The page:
Did You Hear? is a weekly examination of headlines in the entertainment industry and a take on what they could mean for the future of the industry and (often), the little geeky bubble that we occupy.
Sony Splits Spidey from Disney
The news that broke the geeksphere this week concerns the split between Sony and Disney when it comes to the subject matter of Spider-Man and exactly where he belongs and who deserves to be making what amount of money for what amount of work … or complete and utter lack of work as the case may be.
Before anyone gets too bent out of shape about it, I do want to repeat the talking point that Disney owns 26% of the Hollywood filmmaking industry right now. Sony remains one of few studios of a certain standing that can work independently of Disney and at the same time present a credible box office threat.
If this bothers you and you went to see Venom last year then you need to take a long look at yourself friends. Venom proved that Sony can make Spider-Man and Spider-Man adjacent films with no need for the larger construct of the Marvel Cinematic Universe.
Variety sums up the current impasse as follows:
If a deal cannot be reached, Marvel Studios president Kevin Feige will not produce future Spider-Man films, effectively removing Tom Holland’s Spider-Man from the Marvel Cinematic Universe.
One source said that a deal might still be reached between Disney and Sony but there are no talks currently going on. Disney is believed to have expressed concerns that Feige was spread too thin due to other Marvel projects plus original projects for Disney Plus.
Details of the disagreement between Sony and Disney vary from report to report on the details, but everyone seems to agree that Disney asked for a 50/50 profit share on any-and-all movies with any-and-all Spider-Man characters whether or not they were involved AND that they demanded use of characters beyond Peter Parker despite this not being agreed to in the original contract.
The biggest takeaway is that inter-studio negotiations are hard. Jumping to the conclusion that Sony is in the wrong is perhaps a little more self-reflective than anything else. Sony has proven they don’t need Disney and in light of these difficult negotiations I would estimate it’s unlikely for Sony to ever let the license on Spider-Man revert to Disney.
If you liked seeing Spider-Man as baby Iron-Man, there’s a good chance you won’t be seeing anymore of that. BUT D23 is this weekend, so there’s always a chance a whole bunch of money will change hands and Spidey will be back with the Avengers by Monday.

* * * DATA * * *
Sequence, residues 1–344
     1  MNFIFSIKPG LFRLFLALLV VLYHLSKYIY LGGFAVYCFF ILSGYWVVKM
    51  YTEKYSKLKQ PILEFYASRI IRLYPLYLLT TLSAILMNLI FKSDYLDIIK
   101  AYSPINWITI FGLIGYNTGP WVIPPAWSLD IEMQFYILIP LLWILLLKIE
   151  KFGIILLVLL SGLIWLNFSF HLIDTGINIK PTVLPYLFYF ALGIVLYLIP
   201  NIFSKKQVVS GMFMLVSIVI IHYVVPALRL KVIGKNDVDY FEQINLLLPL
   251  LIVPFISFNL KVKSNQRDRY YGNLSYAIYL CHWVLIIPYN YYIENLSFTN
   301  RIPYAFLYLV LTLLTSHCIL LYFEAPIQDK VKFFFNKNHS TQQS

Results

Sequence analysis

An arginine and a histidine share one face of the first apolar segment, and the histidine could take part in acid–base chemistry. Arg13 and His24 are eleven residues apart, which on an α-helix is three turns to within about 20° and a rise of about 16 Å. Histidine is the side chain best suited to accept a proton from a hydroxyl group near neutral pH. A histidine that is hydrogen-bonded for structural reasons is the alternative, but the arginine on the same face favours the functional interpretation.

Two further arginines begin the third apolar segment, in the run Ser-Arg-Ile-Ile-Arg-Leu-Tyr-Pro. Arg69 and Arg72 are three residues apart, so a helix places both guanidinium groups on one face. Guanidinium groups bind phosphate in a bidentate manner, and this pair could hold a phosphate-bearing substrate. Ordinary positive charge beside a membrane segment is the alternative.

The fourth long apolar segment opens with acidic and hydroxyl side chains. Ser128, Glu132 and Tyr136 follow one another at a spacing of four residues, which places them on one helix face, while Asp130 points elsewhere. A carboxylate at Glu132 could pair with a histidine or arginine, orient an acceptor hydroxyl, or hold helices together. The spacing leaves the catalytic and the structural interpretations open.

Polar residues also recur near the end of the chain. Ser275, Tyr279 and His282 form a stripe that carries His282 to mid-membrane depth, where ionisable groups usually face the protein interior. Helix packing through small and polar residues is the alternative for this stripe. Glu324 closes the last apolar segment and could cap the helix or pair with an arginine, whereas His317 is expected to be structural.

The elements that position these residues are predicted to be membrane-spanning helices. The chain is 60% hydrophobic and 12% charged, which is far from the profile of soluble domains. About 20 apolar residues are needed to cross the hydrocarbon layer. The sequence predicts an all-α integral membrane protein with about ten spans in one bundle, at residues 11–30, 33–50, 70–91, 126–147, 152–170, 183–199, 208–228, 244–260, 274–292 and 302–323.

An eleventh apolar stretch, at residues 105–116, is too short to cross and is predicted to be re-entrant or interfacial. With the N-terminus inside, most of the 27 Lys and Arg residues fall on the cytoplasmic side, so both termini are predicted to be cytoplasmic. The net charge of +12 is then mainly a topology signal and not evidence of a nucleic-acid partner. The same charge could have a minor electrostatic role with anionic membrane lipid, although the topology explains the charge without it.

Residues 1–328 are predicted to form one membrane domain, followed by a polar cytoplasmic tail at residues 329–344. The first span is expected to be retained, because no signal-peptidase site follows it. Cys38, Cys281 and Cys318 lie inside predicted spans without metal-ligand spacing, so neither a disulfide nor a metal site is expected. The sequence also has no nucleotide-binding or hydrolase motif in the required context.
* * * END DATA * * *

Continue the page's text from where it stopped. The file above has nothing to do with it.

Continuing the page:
The Matrix 4 is Officially in the Works
On Tuesday Variety Exclusively broke the news that not only was a fourth installment in the Matrix trilogy happening, but both Keanu Reeves and Carrie-Anne Moss would be reprising their respective roles as Neo and Trinity …
… despite both of their characters having died during the events of The Matrix 3.
Lana Wachowshi will also return for writing and directing duties, but she will return solo this time around, rather than pairing with her sister as we classically think of the team behind The Matrix.
We could not be more excited to be re-entering ‘The Matrix’ with Lana. Lana is a true visionary — a singular and original creative filmmaker — and we are thrilled that she is writing, directing and producing this new chapter in ‘The Matrix’ universe.
said Warner Bros Picture Group Chairman Toby Emmerich.
This project has apparently been in development for several years with the goal of returning The Matrix universe. In the wake of popular genre fiction being on the rise and the current Keanussance we are enjoying I will admit I’m not shocked at this announcement. I even love that it was made on the anniversary of the original movie when special screenings were being held, however …
… didn’t Neo and Trinity DIE!?
James Bond 25 Details Revealed
On Tuesday the Official James Bond Twitter dropped a monumental Tweet that included a lot of details about the next – and final – installment in the Daniel Craig James Bond franchise of films:
Daniel Craig returns as James Bond, 007 in… NO TIME TO DIE. Out in the UK on 3 April 2020 and 8 April 2020 in the US. #Bond25 #NoTimeToDie https://t.co/qxYEnMhk2s
Not only is the title confirmed: No Time to Die, but dueling release dates as well. No Time to Die will premier in the United Kingdom on April 3rd, 2020 and in the United States on APril 8th, 2020. This is a shorter time gap between the two debut dates than we are used to, which, if I were to make a leap, is likely a result of the spoiler culture which sprung up via the Twitter platform … ironically the same online location this announcement was hosted on.
Per Deadline ’s coverage of the announcement:
In the upcoming movie, Bond (Daniel Craig) has left active service and is enjoying a tranquil life in Jamaica. His peace is short-lived when his old friend Felix Leiter from the CIA turns up asking for help. The mission to rescue a kidnapped scientist turns out to be far more treacherous than expected, leading Bond onto the trail of a mysterious villain armed with dangerous new technology.
As a huge Jeffrey-Wright-as-Felix-Leiter stan I couldn’t be happier. This description pretty much has my ticket secured, regardless of the title! To its credit, No Time to Die feels a lot more like a classic James Bond title than perhaps any of the Craig era names.
Craig will be joined by several familiar faces from his stint on her majesty’s secret service and the movie will be adding: Rami Malek (Bohemian Rhapsody), Ana De Armas (Blade Runner 2049), and Lashana Lynch (Captain Marvel).